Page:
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Java founder to pocket Sh1.3bn in takeover deal

A Java coffee house restaurant on Nairobi’s Koinange Street. FILE PHOTO | NMG
A Java coffee house restaurant on Nairobi’s Koinange Street. FILE PHOTO | NMG  

Java Coffee House’s founder and chairman Kevin Ashley is on course to pocketing Sh1.3 billion from the sale of his stake to Dubai-based private equity firm Abraaj Group.

Mr Ashley is selling his stake as part of Abraaj’s takeover of the coffee chain at an estimated price of Sh13 billion.

“The Abraaj Group … has entered into a definitive agreement to purchase, through its funds, 100 per cent of Java House Group from ECP and Mr Ashley,” the PE firm said in a statement.

Washington-based Emerging Capital Partners (ECP), which owns 90 per cent of Java, announced at the weekend that it was selling the entire stake to Abraaj as part of a takeover plan that has also forced Mr Ashley to part with his 10 per cent stake.

Abraaj said it could not comment on the financial details of the transaction but people familiar with the deal said it was valued at Sh13 billion.

It emerged as the top bidder in last year’s auction of the coffee chain that also attracted Washington-based Carlyle Group and San Francisco-based TPG.

Java has been on fast-paced growth since its inception in 1999, prompting ECP to acquire 90 per cent of its shares from Mr Ashley and his partner at the time, John Wagner, in 2012.

Mr Ashley said at the time that the coffee chain had used the sales proceeds to expand the business, meaning the Abraaj deal offers Mr Ashley an opportunity to cash in on the investment.

The sale of Java is expected to cement Kenya’s reputation as a high-return market that offers easy exit routes for PE funds and development finance institutions.



Nairobi Java House co-founder Kevin Ashley. PHOTO | FILE
Nairobi Java House co-founder Kevin Ashley. PHOTO | FILE

Most PE funds and development finance institutions (DFIs) have exited by selling to similar funds, indicating strong demand from the institutional investors that pool funds from wealthy families, pension funds and governments.

Various PE funds have made double to triple digit returns after investing in large and medium-sized firms for five to seven years.

The high returns have been earned across industries, spanning private education, banking, healthcare, insurance and manufacturing.

Mr Ashley has previously said Java’s annual revenues had crossed the Sh4 billion mark.

The company has, from a single shop in Nairobi offering tea and coffee,  grown beyond national borders, increasing its attraction to investors.

The coffee chain now has a total of 60 outlets, with an expanded menu that also features international dishes.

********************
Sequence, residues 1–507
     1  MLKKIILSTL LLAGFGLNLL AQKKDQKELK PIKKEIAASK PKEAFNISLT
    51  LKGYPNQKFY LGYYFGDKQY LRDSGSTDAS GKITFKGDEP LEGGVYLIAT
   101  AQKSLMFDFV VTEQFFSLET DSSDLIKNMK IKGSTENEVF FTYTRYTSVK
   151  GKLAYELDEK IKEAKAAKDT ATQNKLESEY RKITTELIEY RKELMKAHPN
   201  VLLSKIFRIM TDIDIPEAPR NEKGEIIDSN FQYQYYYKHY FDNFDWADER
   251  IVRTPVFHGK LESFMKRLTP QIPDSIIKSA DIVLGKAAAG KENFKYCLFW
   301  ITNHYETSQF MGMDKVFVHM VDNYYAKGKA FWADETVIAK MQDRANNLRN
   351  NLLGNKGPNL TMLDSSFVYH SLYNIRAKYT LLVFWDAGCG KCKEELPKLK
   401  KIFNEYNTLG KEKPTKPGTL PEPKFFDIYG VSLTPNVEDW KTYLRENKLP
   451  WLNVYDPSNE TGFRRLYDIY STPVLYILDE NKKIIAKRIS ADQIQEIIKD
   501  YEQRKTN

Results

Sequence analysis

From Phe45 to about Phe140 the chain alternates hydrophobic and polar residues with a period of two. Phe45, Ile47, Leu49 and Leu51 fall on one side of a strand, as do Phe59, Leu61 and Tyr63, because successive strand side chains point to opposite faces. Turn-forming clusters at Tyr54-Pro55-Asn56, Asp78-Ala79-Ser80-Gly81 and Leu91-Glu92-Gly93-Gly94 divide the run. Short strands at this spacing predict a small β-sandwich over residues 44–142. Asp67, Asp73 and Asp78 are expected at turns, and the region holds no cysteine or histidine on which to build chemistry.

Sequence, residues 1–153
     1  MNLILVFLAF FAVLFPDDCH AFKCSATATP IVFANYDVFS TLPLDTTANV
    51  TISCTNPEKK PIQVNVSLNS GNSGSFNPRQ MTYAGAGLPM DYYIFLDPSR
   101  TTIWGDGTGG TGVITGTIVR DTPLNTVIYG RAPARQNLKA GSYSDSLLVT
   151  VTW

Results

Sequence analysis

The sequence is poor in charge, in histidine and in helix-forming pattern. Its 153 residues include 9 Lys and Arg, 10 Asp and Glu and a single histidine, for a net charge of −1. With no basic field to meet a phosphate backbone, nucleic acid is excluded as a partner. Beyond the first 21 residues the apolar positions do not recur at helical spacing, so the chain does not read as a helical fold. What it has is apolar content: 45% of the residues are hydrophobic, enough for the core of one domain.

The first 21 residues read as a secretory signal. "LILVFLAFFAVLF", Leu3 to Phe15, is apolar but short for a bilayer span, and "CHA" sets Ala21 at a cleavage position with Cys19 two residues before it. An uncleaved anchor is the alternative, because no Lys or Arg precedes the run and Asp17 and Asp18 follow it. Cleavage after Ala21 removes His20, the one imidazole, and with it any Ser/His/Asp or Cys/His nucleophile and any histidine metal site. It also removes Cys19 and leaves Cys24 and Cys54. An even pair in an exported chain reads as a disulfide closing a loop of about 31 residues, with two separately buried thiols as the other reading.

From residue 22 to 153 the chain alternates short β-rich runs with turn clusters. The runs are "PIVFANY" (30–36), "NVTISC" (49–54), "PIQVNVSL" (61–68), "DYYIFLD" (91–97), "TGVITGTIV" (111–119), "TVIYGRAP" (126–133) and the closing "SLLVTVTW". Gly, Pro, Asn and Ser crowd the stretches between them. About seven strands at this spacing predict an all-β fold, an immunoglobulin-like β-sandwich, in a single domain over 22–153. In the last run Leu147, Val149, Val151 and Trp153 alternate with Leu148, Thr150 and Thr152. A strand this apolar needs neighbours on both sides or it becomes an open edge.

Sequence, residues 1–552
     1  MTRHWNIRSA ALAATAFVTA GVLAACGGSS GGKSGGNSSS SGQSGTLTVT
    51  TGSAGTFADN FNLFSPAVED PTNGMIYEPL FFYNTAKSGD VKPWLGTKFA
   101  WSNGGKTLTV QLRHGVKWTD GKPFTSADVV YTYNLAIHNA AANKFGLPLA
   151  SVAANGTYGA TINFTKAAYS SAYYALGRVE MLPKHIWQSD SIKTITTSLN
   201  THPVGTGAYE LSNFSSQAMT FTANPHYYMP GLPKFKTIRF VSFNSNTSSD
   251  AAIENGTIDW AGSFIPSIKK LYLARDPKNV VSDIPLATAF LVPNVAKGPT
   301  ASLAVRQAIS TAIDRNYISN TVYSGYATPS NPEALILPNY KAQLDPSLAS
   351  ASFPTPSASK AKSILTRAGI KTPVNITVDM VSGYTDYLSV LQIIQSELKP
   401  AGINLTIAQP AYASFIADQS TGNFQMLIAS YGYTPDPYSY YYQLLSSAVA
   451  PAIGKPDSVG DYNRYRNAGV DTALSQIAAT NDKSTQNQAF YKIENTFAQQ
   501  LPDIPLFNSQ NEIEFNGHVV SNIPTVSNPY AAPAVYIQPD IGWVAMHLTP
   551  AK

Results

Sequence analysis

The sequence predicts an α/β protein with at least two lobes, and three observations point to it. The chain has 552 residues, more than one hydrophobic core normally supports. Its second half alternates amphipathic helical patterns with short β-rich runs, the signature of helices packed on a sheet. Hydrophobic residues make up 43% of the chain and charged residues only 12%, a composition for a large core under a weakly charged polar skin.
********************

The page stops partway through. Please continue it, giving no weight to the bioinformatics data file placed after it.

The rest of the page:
It recently introduced two new brands in the Kenyan market – Planet Yogurt (a self-serve frozen yoghurt chain) and 360 Degrees (a pizza restaurant).

Mr Ashley said the opening of new Java shops — which can cost up to Sh70 million each depending on size and location — has been funded by internally generated cash, signalling the company’s profitability and strong cash flows.

That growth has been aided by being at the vanguard of casual dining targeting the growing middle class who pay hundreds of shillings for breakfast, lunch or dinner.

Abraaj said it is this consumer focus in rapidly growing economies that made Java a compelling acquisition.

“Africa’s rapidly expanding middle class, sustained population growth and increasing urbanisation is creating compelling investment opportunities in multiple sectors, and we believe Java House is ideally positioned to benefit from these trends,” Mustafa Abdel-Wadood, Abraaj’s managing partner, said in a statement.

Java says businesspeople and professionals frequent its shops during the day while nights and weekends are dominated by friends and families.

The restaurant chain offers a wide range of food, including breakfast bagels, chicken, fish, pork and vegetarian burger.

The new owners of Java are expected to further expand the company’s footprint locally and in the region.

“As Java House aims to accelerate into its next phase of growth, we were seeking a partner that has the scale, platform and sector expertise to enable us to achieve our aspirations,” Ken Kuguru, Java’s chief executive, said in a statement.

“The Abraaj Group is that partner of choice and we look forward to working closely with their team to extend our market leadership position across the continent.”

The company is set to face more competition with the entry and expansion of other lifestyle restaurants, especially in Nairobi that hosts the majority of Kenya’s rich and middle class consumers.

Growth in the industry has sparked acquisitions, with the Java deal coinciding with Sasini’s #ticke:SASN sale of its Sasini Coffee House for Sh70 million.

The Nairobi Securities Exchange-listed firm recently initiated the sale of its entire 60 per cent stake in the company that runs four restaurants on Nairobi’s Loita Street, Ralph Bunche Road, Muthangari Road and Mombasa Road.

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